In Memoriam: Dr. Henry A. Kissinger

1923 – 2023

John Lewis Gaddis, Robert A. Lovett Professor of Military & Naval History

Excerpt from Henry at Yale

“Kissinger greeted me amicably, said he’d long wanted to meet me, and immediately launched into a critique of my NATO expansion op-ed from last week—it seemed I’d got the Concert of Europe wrong. The date was May 4, 1998, the location the Kissinger apartment in New York, and the occasion a dinner for the deputy prime minister of Singapore. It was also my first meeting with Dr. Kissinger, who immediately made it seem right to call him ‘Henry.’ While at the same time inviting, as they say in diplomacy, a full and frank exchange of views. I’d written a lot about him by then, most recently an essay in which I’d suggested that some future Kissinger, in his capacity as a historian, might come to see the past Kissinger, in his role as a statesman, ‘as having been, like Metternich and Bismarck, in just the right place at the right time, thereby fulfilling in history, as well as in life, the man’s incorrigible determination to be at the center of it all.’ It’s one of the few things I’ve said about Henry that he’s never seen fit to question.”

Read the essay

Rick Levin, former president of Yale University

“Henry Kissinger’s gift of his papers to Yale is a priceless legacy.  For historians of diplomacy and specialists in international relations, its value is beyond measure.  Together with the papers of Colonel House, Henry Stimson, Dean Acheson, and Cyrus Vance,  the Kissinger papers establish Yale as an unmatched place for the study of 20th century diplomatic history.

Dr. Kissinger’s “realist” approach to foreign policy may not have appealed to everyone, but no one else engaged in international affairs over the past six decades combined such a deep knowledge of history with such a penetrating awareness of current affairs.  For the past two decades, he has argued that the object of U.S. policy toward China should be a stable bipolar world order, which makes far more sense than the paranoia that dominates discussion in Washington today.”

Jim Levinsohn, dean of the Jackson School of Global Affairs

“Dr. Kissinger’s passing is a poignant moment but also an opportunity to reflect on his rather extraordinary life, exceptional longevity, and enduring contributions as a scholar and practitioner of global affairs. I first met Dr. Kissinger in 2011, around the time when he donated his papers to Yale as the foundation of the Johnson Center for the Study of American Diplomacy. A program of the Jackson School, in collaboration with International Security Studies, the Brady-Johnson Program in Grand Strategy, and the Yale University Library, the center brings practitioners and scholars to campus as Kissinger Senior Fellows and Kissinger Visiting Scholars, as well as hosts annual conferences and other activities in international affairs.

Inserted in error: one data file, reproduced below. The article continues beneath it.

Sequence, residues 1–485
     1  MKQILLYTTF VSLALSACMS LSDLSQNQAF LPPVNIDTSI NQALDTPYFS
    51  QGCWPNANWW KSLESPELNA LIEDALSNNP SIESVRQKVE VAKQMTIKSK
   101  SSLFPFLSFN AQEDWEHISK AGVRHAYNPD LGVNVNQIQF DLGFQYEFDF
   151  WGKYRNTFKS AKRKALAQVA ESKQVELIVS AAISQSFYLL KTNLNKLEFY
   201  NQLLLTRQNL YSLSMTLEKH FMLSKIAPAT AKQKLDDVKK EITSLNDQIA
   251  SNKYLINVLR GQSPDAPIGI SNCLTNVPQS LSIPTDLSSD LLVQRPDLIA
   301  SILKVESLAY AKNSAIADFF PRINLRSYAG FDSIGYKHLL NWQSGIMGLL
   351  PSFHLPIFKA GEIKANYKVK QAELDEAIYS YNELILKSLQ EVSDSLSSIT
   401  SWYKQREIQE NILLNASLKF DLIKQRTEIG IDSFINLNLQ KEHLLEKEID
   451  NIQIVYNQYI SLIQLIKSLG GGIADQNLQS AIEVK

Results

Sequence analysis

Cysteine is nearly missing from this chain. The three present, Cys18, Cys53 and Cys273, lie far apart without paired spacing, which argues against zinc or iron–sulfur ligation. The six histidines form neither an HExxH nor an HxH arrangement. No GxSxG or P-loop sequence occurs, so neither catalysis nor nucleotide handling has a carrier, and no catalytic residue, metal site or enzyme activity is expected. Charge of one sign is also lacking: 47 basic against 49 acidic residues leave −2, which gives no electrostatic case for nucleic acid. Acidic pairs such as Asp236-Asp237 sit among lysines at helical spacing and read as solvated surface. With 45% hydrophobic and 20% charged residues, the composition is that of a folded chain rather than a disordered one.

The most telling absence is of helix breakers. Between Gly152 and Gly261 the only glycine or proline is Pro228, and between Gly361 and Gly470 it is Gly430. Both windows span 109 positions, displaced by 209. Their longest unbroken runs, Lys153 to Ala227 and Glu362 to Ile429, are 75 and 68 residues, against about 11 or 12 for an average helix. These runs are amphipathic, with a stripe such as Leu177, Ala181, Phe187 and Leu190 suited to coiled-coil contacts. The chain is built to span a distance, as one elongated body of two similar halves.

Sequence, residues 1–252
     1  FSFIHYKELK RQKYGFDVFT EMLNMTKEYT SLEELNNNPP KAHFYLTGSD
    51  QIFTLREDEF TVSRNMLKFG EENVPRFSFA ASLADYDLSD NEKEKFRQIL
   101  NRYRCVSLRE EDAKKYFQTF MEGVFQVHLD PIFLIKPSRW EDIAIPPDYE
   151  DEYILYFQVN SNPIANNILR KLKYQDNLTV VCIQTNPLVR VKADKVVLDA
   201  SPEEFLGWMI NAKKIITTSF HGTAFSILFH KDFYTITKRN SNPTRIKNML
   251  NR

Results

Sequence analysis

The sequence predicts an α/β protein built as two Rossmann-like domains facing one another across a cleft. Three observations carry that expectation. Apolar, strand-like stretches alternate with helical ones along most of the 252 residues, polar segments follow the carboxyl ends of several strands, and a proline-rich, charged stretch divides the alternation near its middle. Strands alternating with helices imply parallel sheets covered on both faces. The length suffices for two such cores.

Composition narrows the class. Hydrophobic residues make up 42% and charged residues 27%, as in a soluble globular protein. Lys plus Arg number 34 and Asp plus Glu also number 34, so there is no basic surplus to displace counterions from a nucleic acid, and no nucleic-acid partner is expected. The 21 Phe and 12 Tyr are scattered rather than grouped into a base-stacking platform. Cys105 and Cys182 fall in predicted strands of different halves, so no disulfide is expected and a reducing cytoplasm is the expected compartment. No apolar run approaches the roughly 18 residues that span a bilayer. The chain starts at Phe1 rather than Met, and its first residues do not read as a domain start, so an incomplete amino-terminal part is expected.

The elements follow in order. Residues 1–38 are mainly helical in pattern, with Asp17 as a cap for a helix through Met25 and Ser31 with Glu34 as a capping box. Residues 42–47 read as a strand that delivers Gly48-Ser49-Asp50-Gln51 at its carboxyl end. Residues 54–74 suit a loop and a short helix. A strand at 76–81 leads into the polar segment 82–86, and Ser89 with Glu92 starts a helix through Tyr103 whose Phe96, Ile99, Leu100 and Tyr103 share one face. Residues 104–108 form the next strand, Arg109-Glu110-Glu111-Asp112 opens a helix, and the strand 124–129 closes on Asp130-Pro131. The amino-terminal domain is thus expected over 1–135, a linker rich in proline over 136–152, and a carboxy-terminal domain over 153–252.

Distinguished diplomats such as ambassadors Marc Grossman, Ryan Crocker, Dennis Ross, Robert Ford, and Harry Thomas joined the Jackson School as Senior Fellows through this program, teaching our students and bringing their real-world experiences into the classroom, enriching the Yale community. Students and scholars alike continue to research the Kissinger Papers thanks to the outstanding work of Manuscripts and Archives at the Yale Library.

Dr. Kissinger’s life in many ways reflects the history of American foreign policy in the twentieth century, full of astonishing successes alongside deep disappointments. His contributions to U.S.-China relations and Middle East crisis diplomacy, to name just a few areas, remain as relevant as ever. Students continue to learn from and grapple with Dr. Kissinger’s legacy, and all its complexities, as we reflect on today’s contemporary challenges in global affairs.”

Ted Wittenstein, executive director, Johnson Center for the Study of American Diplomacy

“Dr. Kissinger’s passing is an opportunity to reflect on his monumental contributions to the study and practice of diplomacy.  He was a scholar-statesman of profound historical significance, who remained deeply engaged world affairs until the very end.

It is hard to believe, but Dr. Kissinger visited Xi Jinping in Beijing this past July at 100-years-old.  His most recent piece in Foreign Affairs was published just last month in October, warning of the dangers of artificial intelligence and the need for arms control with China—a strategic approach that featured prominently in the recent Biden-Xi summit in San Francisco.  Dr. Kissinger’s insatiable intellectual curiosity seemed to be key to his longevity.  How a centenarian could even grasp the technical challenges posed by AI, let alone contribute to significant policy debates, remains a mystery to me.

The donation of Dr. Kissinger’s papers to Yale, and the establishment of the Johnson Center for the Study of American Diplomacy, represented a watershed moment for Yale and for diplomatic history in general.

Dr. Kissinger always was eager to interact with our students, and he was inspired their boundless enthusiasm.  He especially enjoyed the opportunity to engage with scholars, practitioners, and students whose views differed from his own.  The Johnson Center’s annual conferences also helped inform Dr. Kissinger’s own scholarship, with books On ChinaWorld Order, The Age of AI, and Leadership benefiting from those sessions.

The Kissinger Papers continue to be invaluable resources for students and scholars alike.  The archives represent an unparalleled opportunity to study all the many complexities and contradictions that characterize American diplomacy in the twentieth century.  We are so grateful for the generosity of Charlie Johnson and Nick Brady for making these arrangements possible.”